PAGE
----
Miami -Four factors to consider

I have not received many inquiries on the MIA (Miami) set of Case Shiller futures contracts, and there is zero open interest, so I thought I’d give the MIA index and contracts one day in the spotlight to prompt some possible comments or trading ideas.

Without trades, or even many inquiries from third parties, it’s more challenging to quote MIA contracts. What does make market making somewhat viable is that, over recent history, changes to the MIA index levels have been in line with those of the HCI (10-city) index.  (See graph).  (Note -indices on all ten of the Case Shiller regional contracts traded on the CME have been very highly correlated with the 10-city index since Jan 2011.  MIA, in fact has the second lowest correlation (ahead of LAV) of ~75%).

YOY gains in the MIA index have been lower versus the CS 10-city index over the last year so absent futures differences*, I’ve just been quoting the MIA contracts as weaker versions of the 10-city index contract.  As noted in the table, the differences in closing prices on forward MIA contracts (to the far right, in yellow) are consistent with slightly lower changes than those observed on the HCI contracts.

However, my asterisk on the phrase “absent future differences” is to highlight that there may be (at least) four factors weighing down on MIA prices that might suggest even lower YOY forward gains (HPA?) are appropriate.

The four factors (all teed up with links for your more detailed consideration, and to prompt discussion) include:

Overvaluation -The most recent CoreLogic HPI/Valuation Report notes that “Miami metro tops our list of most overvalued” (markets).

AirBNB -a recent CNBC report (later highlighted by Real Estate Investing Today) detailed how Miami Beach is cracking down on short term rentals (e.g. AirBNB).  While there may be public housing policy interests related to affordability, various academics have noted that introduction of AirBnB-type rentals has tended to increase home prices. (See “Do Airbnb properties affect house prices?” (Shepard/ Udell -Jan 2018) as one example.)

Eliminating Dirty Money -A Miami Herald article in May 2018 noted how the Treasury Department was cleaning out the dirty money in Miami real estate.  Anecdotes of shell company buyers paying cash for newly constructed luxury condos, and thereby driving up the value of other Miami home prices (as Case Shiller doesn’t capture first-time sales), have long been part of the Miami Beach real estate lore.  (Note that the Economist recently called for the City of London to do the same).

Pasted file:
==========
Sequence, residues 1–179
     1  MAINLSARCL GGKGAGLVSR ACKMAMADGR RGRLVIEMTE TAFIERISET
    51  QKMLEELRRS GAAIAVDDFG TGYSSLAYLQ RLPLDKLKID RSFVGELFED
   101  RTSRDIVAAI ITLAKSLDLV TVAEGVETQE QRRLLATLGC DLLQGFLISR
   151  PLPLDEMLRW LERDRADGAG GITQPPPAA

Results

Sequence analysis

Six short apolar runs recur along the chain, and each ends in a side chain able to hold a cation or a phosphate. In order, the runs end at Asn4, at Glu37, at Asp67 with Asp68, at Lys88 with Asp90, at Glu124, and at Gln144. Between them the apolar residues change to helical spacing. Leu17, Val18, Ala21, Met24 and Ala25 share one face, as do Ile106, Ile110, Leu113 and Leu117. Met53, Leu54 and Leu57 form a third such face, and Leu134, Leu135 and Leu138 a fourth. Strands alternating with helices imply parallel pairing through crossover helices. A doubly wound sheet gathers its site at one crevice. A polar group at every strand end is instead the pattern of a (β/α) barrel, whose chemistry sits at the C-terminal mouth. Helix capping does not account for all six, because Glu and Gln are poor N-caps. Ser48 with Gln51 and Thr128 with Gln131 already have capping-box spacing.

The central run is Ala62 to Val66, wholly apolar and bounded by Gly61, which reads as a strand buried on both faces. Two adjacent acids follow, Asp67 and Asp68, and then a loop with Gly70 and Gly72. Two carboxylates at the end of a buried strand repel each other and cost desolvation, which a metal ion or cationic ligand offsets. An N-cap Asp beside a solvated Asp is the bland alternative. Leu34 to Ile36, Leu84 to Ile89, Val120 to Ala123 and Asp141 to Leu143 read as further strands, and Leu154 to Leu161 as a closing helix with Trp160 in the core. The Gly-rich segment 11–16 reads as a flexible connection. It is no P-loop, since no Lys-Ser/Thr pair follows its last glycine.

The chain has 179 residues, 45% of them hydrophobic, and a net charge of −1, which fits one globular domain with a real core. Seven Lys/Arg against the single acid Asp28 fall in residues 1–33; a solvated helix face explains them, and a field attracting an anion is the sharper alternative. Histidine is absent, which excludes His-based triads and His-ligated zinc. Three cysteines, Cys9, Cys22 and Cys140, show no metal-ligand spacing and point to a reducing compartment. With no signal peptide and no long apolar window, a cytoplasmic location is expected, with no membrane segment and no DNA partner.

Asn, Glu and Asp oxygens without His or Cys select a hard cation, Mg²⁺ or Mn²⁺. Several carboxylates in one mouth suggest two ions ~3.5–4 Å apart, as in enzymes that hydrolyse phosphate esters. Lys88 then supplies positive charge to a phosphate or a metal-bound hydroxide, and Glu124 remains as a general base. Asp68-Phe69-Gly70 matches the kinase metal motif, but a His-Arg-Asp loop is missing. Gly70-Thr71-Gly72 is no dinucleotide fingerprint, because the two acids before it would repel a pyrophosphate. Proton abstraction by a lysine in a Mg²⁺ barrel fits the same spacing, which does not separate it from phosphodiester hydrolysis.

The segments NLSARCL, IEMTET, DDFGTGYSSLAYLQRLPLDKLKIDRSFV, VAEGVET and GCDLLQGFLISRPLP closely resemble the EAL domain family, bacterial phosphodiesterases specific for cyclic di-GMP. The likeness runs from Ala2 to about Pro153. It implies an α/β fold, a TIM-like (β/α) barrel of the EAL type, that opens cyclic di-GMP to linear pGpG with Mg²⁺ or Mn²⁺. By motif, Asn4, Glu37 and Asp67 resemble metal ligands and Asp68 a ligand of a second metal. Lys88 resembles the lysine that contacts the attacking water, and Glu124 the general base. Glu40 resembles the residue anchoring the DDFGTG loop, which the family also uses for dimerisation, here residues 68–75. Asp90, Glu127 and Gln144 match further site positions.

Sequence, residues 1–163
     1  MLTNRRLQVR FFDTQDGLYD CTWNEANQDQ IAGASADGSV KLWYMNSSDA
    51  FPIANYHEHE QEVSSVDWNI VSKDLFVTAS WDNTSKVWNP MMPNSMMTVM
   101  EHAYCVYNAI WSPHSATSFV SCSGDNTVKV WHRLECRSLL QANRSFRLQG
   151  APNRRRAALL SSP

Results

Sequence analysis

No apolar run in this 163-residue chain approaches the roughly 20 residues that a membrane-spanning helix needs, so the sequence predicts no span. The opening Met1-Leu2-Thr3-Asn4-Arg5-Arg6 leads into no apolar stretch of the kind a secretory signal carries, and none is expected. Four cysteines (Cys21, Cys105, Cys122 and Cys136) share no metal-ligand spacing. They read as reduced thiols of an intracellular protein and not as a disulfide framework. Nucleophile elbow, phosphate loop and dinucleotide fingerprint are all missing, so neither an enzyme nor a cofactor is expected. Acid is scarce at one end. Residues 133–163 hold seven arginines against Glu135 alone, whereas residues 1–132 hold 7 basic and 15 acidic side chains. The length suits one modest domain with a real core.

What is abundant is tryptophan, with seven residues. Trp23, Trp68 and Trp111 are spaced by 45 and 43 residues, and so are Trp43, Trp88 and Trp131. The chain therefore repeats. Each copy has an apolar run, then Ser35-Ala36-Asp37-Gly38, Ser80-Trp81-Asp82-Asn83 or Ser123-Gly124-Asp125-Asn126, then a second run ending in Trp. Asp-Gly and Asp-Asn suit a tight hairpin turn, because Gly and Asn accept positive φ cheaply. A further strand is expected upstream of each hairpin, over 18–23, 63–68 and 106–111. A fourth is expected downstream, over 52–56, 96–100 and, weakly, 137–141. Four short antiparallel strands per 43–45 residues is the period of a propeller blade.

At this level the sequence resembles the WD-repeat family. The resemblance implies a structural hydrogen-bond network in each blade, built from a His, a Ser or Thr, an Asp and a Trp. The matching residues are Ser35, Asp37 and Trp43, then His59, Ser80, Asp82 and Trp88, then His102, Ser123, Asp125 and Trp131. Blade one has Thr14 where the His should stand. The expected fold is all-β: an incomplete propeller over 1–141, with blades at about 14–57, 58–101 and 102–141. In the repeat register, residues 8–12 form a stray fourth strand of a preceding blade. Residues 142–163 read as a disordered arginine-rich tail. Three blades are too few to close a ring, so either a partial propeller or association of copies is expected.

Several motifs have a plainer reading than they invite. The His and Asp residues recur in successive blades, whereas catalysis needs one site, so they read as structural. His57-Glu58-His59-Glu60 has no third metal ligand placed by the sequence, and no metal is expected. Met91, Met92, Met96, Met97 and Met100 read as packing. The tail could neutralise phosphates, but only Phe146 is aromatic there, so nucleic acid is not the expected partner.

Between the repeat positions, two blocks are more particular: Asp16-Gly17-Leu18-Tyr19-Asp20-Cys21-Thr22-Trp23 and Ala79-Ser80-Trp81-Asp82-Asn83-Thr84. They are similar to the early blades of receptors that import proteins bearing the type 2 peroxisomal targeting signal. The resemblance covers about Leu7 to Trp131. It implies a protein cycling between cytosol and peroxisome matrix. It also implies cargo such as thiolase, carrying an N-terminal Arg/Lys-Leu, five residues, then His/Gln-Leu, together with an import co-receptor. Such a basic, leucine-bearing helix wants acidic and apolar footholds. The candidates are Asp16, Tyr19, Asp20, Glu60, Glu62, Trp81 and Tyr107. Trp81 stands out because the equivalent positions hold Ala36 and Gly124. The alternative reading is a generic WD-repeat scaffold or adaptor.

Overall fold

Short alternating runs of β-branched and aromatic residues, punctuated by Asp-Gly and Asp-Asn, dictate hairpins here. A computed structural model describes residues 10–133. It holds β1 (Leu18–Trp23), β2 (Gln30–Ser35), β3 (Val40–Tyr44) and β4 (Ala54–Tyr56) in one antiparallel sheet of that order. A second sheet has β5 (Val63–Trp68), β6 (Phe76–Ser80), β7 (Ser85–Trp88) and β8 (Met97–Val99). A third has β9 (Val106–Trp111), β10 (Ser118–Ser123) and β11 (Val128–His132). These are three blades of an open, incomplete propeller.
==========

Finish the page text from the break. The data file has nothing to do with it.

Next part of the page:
Climate Change –Miami Agent Magazine reported in Jan 2018 (highlighting a Union of Concerned Scientists report) that Miami Beach is “the most at-risk city for sea-level rise in the country”.  (This may have something to do with “global warming” or what State of Florida officials have to might refer to as “atmospheric re-employment” for fear of punishment.  BTW- the two-minute video highlights some excellent verbal gymnastics.)

Given the four factors,  I’d be even more inclined to take the short side of any trade involving MIA contracts (e.g. outright trades, calendar spreads, shorting calls, intercity spreads).  While I appreciate that all of this news is already in the public domain, it’s been argued that home prices (and maybe home price futures?) tend to react less immediately to new information.

Any longer-term MIA bulls out there, or potential buyers at lower levels?

Feel free to contact me (johnhdolan@homepricefutures.com) if you have any questions on this blog, or on any aspect of hedging home price indices.

Thanks, John

 

 

 

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